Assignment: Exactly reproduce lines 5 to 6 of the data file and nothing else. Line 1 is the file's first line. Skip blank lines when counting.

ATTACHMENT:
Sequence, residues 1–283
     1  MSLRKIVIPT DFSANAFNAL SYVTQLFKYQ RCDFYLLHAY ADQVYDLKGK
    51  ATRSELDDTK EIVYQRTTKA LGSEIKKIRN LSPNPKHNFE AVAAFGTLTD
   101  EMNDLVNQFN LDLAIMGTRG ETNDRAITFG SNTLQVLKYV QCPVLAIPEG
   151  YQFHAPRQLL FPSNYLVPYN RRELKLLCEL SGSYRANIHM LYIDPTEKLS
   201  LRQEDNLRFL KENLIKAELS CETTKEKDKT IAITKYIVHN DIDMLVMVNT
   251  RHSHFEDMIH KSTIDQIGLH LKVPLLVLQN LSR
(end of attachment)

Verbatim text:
   151  YQFHAPRQLL FPSNYLVPYN RRELKLLCEL SGSYRANIHM LYIDPTEKLS
   201  LRQEDNLRFL KENLIKAELS CETTKEKDKT IAITKYIVHN DIDMLVMVNT